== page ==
The Wall Street Journal wrote that Google’s China threat carries long term business risks to Google. Some others have commented on how Google will have to work very hard to replace the revenues it is leaving behind in China. Still others claim that departing the world’s largest internet market (by users) was a thoroughly bad idea.
Let us hypothesize for a moment: Google’s exit is not necessarily a face saving move or a public stab at Baidu, but a tactic calculated to gain market share in more lucrative western markets, which represent the vast majority of Google’s currently reported financials (Q1-3 USD 16.974 billion with Q4 results also expected to be strong). Google is getting excellent publicity globally about this issue (outside of China, that is). Even more interestingly, Google has recently become proactive on similar sensitive topics and I would not be surprised if this situation ends up creating a significant rise in activity and demand for Google products and services.
Imagine for a moment that Google does not care much about China as a domestic market at present. Sound foolish? Not if you have tried to do business in China as a foreign company, which is famously difficult and frustrating. It is almost a taboo to talk about China as a market to ignore, but just because Google might not be planning to focus on the domestic market that doesn’t mean there isn’t a Chinese market to address.
Google won’t exit China completely. Even if Google is forced to shut down all operations (which I think is unlikely), it will continue to have a growing and lucrative base of Chinese companies advertising outside of China for as long as China will continue to globalize and export to the world. This is something that Baidu is absolutely not in a position to do today or in the near to medium term.
As Rebecca MacKinnon points out on her blog, Google’s actions – like the actions of any other company – are automatically motivated by self-interest. There can be no exception to this rule in the world of business.
The search market in China is still emerging. Baidu, the clear market leader, generated USD 466 million in the first three quarters of 2009, which is roughly 3% of Google’s overall revenue for the same period. It is very likely that Google’s domestic China revenue is much smaller than Baidu’s. Even the projected USD 310 million of Google China revenues that some analysts were predicting for 2010 would be tiny in comparison to what Google could earn if it increased market share in the US and Europe by just a few percentage points.
I think a legitimate question that few (if any) seem to have asked so far is whether Google’s exit from China may not actually lift its short or mid-term business prospects.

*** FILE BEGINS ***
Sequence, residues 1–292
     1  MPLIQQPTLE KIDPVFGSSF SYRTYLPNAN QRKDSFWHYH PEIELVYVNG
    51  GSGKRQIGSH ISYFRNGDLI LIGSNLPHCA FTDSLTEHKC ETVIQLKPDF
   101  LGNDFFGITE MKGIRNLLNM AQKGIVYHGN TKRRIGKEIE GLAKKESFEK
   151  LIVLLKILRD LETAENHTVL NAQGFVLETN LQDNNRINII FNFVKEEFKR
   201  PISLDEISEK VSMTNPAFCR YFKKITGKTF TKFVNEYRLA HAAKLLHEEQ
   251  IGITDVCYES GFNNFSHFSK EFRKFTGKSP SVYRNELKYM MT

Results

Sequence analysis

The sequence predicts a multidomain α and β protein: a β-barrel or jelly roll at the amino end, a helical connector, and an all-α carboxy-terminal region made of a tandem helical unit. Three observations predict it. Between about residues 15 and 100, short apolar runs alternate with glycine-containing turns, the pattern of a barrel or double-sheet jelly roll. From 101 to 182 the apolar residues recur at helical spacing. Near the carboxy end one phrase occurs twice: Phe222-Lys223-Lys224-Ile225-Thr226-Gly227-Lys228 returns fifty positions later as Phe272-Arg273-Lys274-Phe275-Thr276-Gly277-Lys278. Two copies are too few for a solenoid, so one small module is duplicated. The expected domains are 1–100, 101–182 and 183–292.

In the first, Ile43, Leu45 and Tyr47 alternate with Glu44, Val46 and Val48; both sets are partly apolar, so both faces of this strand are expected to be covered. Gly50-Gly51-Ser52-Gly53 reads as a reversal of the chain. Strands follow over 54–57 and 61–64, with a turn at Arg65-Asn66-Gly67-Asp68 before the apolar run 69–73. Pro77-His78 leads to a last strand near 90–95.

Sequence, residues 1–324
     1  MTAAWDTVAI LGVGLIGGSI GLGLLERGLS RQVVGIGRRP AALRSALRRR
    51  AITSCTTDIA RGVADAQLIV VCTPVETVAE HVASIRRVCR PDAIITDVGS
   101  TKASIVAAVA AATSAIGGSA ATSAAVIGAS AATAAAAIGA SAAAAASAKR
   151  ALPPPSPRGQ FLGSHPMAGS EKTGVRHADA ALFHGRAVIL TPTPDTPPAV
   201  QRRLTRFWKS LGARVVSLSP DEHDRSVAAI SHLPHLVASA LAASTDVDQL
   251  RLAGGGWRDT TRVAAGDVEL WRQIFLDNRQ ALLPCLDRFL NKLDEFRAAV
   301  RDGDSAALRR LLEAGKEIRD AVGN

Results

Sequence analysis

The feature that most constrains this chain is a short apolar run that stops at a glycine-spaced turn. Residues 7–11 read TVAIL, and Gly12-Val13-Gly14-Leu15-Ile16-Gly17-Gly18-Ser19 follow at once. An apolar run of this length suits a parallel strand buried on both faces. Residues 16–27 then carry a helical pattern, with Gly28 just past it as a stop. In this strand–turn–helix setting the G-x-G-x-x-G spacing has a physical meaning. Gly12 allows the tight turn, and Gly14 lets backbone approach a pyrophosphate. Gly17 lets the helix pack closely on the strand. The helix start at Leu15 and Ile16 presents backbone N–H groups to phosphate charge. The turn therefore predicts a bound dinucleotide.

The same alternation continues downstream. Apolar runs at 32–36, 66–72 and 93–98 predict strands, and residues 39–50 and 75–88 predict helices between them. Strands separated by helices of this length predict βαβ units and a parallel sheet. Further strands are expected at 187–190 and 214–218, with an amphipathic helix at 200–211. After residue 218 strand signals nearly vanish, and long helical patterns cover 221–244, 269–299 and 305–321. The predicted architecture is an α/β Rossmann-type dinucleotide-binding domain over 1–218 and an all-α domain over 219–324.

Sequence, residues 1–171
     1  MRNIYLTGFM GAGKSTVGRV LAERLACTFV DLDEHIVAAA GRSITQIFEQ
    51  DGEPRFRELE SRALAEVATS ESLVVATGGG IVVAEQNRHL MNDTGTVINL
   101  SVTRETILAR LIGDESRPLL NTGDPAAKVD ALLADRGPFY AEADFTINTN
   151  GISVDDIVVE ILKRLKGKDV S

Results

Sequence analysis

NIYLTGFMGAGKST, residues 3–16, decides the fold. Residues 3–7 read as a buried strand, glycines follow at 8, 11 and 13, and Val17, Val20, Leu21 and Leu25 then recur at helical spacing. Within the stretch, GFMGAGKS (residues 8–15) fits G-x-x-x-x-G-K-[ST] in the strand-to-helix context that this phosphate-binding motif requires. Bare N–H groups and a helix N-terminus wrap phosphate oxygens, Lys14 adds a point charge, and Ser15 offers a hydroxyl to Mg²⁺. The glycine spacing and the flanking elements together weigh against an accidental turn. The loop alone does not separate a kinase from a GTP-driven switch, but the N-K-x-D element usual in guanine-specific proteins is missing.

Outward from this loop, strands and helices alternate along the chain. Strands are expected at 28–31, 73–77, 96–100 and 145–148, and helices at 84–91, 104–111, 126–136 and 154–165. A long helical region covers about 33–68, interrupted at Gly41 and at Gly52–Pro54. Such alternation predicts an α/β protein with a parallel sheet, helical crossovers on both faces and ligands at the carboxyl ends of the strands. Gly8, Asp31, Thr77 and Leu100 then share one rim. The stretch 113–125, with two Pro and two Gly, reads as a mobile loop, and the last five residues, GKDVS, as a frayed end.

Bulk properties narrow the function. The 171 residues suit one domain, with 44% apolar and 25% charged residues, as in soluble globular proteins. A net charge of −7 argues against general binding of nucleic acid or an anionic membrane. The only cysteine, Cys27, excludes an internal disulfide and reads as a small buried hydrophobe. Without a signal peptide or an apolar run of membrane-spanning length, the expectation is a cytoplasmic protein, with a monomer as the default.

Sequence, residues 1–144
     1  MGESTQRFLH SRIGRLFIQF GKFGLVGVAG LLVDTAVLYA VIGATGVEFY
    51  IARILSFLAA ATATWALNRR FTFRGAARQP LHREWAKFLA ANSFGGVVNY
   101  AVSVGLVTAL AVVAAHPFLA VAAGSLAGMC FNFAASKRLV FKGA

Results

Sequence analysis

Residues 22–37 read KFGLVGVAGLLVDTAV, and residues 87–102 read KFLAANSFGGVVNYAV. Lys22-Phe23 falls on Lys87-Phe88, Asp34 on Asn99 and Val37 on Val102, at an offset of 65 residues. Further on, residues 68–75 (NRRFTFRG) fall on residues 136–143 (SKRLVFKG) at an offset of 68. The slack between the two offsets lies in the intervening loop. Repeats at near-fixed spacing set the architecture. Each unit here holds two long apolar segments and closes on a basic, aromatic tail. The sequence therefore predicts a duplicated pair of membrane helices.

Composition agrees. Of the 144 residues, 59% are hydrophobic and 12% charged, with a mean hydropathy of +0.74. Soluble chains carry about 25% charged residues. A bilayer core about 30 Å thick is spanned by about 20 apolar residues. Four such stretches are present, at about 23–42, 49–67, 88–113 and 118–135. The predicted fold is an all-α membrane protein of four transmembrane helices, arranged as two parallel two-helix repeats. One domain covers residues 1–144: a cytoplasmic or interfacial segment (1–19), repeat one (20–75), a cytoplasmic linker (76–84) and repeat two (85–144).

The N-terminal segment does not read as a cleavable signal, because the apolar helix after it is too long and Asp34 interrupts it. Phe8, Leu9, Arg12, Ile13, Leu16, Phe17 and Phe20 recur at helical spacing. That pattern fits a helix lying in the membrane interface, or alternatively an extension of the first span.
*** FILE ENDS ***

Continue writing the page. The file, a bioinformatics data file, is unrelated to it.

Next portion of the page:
Will Google increase their search market share because they have earned higher public trust? After all, trust and safety are key issues in the battle for the cloud. Google has a lot of new enemies today across a dizzying range of sectors, and may feel it is more relevant to address them than to struggle in China. Also noteworthy, Google has advertised its China stance, making it clear to the public that Google’s exit is motivated by a mixture of idealism and security. The battle in core western markets is heating up as never before, and Google knows that few if any US technology or media companies owe their success to China markets.
It doesn’t sound particularly plausible that a concentrated hacker attack and espionage concerns could trigger a company to exit a whole market. If the hackers were interested in dissidents’ Gmail accounts there is nothing that prevents them from more hacking after Google exits China (cyber-attacks are not geographically restricted). And if Google was concerned about espionage then why would it want to maintain a significant development presence inside China?
As a business person, I can see the business and financial logic of retreating from China: Google will regroup and live to fight another day in a market that is not only extremely difficult to penetrate but that also has a hideously complex and fluid regulatory framework that all foreign companies must adhere to. Google is no exception, having struggled for domestic market share in China just like other foreign media and technology companies.
Anyone who has attempted to do serious business in China will tell you that it is very difficult and challenging. For one thing, the playing field is not level by any definition or stretch of the imagination, as recently illustrated by China moving to ban foreign investment into the lucrative domestic online gaming market (in China, revenues in the online gaming market are substantially higher than online advertising and search).
We know Google’s imperative is to do no evil, but as an individual I don’t think Google’s departure is good for China or the Chinese or Internet freedom, and on that basis I think the exit is a bad idea. I certainly agree that China and the Chinese are better off with Google than not, but I have no doubt that Google’s motives are also informed by very pragmatic business reasoning.
There is, of course, no question that China offers significant opportunities and (as I noted earlier) China is not necessarily closed to Google. This is a country still squirming its way through Internet adolescence and Google will no doubt find the right moment to re-enter that market, probably as a more serious and better prepared player. I don’t believe the present spat between Google and China should be interpreted as a long term Google exit from China. Let’s not forget this is Google, one of the world’s mightiest and savviest corporations, with more than enough resources and talent to re-enter China when they think the time is right. After all, they can start the process of re-entry simply by making an acquisition or two.